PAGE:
The 27th International Symposium on Polar Sciences organized by Korea Polar Research Institute (KOPRI) will be held online on September 20-21, 2022.
This symposium aims to bring polar scientists together to discuss their research findings and promote international collaborative research. We cordially invite you to share your knowledge and perspectives on the outlook in polar research.
Korea accelerated its Arctic research by inaugurating the Arctic Dasan station in 2002 at the Ny-Ålesund International Science Village in the Norwegian archipelago of Svalbard. Since then, the Dasan station has served as a base for not only Korean scientists but also researchers from all over the world who need access to the Arctic to conduct their research. Korean Arctic research that started in Ny-Ålesund has expanded to explorations of the pan-Arctic regions such as the Arctic Ocean and Greenland for the last two decades, leading to a wide range of studies on Life Science, Oceanography, Geology, Cryospheric Science, Paleoclimatology, Atmospheric Science and Remote Sensing.
As research in the Arctic provides strong scientific evidence on the ongoing impacts of climate change that has the greatest potential to affect global climate and thus human population and biodiversity, it is essential to understand the past and present of the region in order to better prepare for the future of humankind. During the symposium, we will look back on the findings of Korean Arctic research of the past 20 years from a global perspective and look forward to a promising future in polar research.
· Retrospect and prospect of atmospheric research in Ny-Ålesund
The Arctic atmosphere which reflects global climate change from various factors is closely linked to the climate of the mid and low latitudes. As changes in the lower atmosphere affect the upper atmospheric conditions through physical and chemical mechanisms, it is crucial to understand how permafrost thawing and reductions in sea ice in the Arctic caused by global warming have an impact on the interaction between the lower and upper atmosphere. In this session, we look back on the atmospheric research activities based on the Arctic Dasan station in Ny-Ålesund and discuss future perspectives in the research.
· Svalbard as a barometer of climate change
The Svalbard archipelago is extremely sensitive to climate change because of its geographical position located to the east of the Fram Strait where warm Atlantic water flows into the Arctic Ocean. In this session, all contributions on the paleoproxy development and validation, the reconstruction of environmental changes in the past, and modern environmental processes are welcome. We aim to advance our understanding of the past and present environmental changes in the Svalbard archipelago.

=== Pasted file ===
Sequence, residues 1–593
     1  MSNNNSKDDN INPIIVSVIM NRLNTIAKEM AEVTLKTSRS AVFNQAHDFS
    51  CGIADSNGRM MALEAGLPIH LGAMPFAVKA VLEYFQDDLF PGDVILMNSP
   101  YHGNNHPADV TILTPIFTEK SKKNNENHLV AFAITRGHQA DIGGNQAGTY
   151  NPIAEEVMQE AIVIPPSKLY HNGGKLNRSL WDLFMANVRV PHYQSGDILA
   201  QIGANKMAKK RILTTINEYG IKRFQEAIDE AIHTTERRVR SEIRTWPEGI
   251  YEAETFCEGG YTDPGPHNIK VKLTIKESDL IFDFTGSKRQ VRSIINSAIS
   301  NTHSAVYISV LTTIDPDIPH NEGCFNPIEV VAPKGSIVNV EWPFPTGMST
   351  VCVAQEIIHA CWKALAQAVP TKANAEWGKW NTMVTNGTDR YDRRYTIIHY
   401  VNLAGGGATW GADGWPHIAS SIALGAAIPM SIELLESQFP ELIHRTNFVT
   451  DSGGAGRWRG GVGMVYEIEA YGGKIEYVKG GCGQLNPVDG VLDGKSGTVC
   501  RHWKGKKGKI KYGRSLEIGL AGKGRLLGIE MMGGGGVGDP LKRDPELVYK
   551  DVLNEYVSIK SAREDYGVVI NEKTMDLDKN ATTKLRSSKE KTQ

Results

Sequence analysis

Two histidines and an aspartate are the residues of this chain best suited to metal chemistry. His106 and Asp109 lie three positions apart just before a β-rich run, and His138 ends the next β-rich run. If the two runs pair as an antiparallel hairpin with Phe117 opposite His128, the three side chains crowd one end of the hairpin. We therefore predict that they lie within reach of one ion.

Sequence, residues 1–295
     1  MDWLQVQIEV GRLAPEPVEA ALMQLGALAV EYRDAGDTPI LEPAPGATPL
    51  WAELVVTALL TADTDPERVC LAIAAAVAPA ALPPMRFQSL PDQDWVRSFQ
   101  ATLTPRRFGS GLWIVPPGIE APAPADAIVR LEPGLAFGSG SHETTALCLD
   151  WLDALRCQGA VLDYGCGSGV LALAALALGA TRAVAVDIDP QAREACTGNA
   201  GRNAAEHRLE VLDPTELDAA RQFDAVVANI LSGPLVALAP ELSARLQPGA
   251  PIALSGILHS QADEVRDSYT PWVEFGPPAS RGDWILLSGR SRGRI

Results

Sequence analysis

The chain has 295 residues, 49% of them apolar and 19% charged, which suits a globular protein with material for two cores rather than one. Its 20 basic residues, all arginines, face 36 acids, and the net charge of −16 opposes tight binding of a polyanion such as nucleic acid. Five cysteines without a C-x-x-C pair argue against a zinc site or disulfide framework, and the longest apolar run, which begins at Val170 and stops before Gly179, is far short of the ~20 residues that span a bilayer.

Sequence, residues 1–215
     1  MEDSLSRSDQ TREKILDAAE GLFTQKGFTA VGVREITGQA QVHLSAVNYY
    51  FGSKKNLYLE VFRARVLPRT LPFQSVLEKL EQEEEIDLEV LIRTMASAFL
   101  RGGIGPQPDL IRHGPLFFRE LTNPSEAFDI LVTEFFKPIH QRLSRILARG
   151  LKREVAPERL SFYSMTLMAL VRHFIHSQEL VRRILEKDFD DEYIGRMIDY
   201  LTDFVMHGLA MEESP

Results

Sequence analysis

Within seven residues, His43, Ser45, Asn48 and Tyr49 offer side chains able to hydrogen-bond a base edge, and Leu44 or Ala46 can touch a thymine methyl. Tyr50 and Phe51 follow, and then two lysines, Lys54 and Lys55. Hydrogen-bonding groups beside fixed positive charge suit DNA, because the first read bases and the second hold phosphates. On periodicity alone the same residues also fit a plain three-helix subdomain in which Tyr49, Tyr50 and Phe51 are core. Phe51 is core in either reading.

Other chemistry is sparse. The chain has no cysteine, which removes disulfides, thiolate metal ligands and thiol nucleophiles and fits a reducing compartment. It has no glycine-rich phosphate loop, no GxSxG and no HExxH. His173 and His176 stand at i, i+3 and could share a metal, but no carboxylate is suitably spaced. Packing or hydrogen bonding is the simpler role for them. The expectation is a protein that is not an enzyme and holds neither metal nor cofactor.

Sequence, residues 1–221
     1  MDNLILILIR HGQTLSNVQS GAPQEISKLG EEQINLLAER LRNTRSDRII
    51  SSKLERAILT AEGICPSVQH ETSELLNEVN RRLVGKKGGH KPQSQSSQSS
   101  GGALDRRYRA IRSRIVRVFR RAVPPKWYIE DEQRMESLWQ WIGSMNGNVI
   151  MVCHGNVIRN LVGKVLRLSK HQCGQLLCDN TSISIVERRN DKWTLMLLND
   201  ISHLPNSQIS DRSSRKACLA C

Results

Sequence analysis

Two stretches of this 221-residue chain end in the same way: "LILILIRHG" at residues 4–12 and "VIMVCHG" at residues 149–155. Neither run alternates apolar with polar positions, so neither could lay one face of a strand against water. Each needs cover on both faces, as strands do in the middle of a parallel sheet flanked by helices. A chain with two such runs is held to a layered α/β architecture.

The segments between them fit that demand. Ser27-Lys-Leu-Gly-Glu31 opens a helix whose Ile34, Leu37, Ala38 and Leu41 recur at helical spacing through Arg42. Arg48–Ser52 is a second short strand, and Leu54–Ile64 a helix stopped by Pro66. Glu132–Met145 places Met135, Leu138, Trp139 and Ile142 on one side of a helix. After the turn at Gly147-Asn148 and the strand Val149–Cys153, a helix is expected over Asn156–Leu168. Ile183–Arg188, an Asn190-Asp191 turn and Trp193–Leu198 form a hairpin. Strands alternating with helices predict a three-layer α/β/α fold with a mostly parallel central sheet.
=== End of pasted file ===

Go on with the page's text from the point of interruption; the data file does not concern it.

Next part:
· Climate change impacts on Arctic terrestrial ecosystems
Climate change is dramatically altering the terrestrial ecosystem in the Arctic. In this session, we will deal with impacts of climate change on vegetation, biogeochemical cycling, and functioning of Arctic terrestrial ecosystems. Studies on terrestrial ecosystem feedbacks to global climate change will also be discussed.
· Response of the Arctic marine system to ongoing environmental changes
In recent decades, global warming has been amplifying in the Arctic region and sea ice is disappearing at unprecedented rates. These changes have cascading effects on ocean circulation, freshwater budget, ecosystems, and biogeochemical cycles in the Arctic marine system. This session aims to enhance scientific understanding of influences of environmental changes on the Arctic marine system. We invite contributions from a variety of studies using observations and models to address the past, present, and future response of the Arctic Ocean.
· Remote Sensing in the Arctic
Since remote sensing provides valuable information on vast and inaccessible areas, it is an efficient way to understand climate change and quantify environmental factors in the Arctic. This session invites researchers investigating interdisciplinary topics based on remote sensing including sea ice, glacier, ocean, and tundra vegetation to share the latest research findings and identify where we stand in order to go forward in facing the climate crisis.
· Past and future of Greenland: a perspective on geology and environment
Greenland is the largest island on the planet and two-thirds of its total landmass is currently located within the Arctic Circle. In the Precambrian era, however, the landmass was in the Southern hemisphere and it has gradually moved to the current position. Greenland's stratigraphic record, which has been consistently accumulating for a long time in a relatively stable tectonic environment, is regarded as an important subject of research not only in the field of geological sciences but also in resource exploration and climate change. Understanding the geological environment of Greenland would provide the basis to reveal the past, present and future of the Earth.
An in-person brown bag seminar for early career researchers (ECRs) will be organized on September 20 at the KOPRI campus in Incheon. This seminar, prepared as a side meeting to the 27th ISPS, will provide an invaluable opportunity for next-generation scientists to meet with established polar researchers and learn from their academic endeavors. Further information including the speaker and registration will be provided in the next circular.
Abstract Submission (extended) Please submit your abstract on the symposium website from June 7 to July 31, 2022.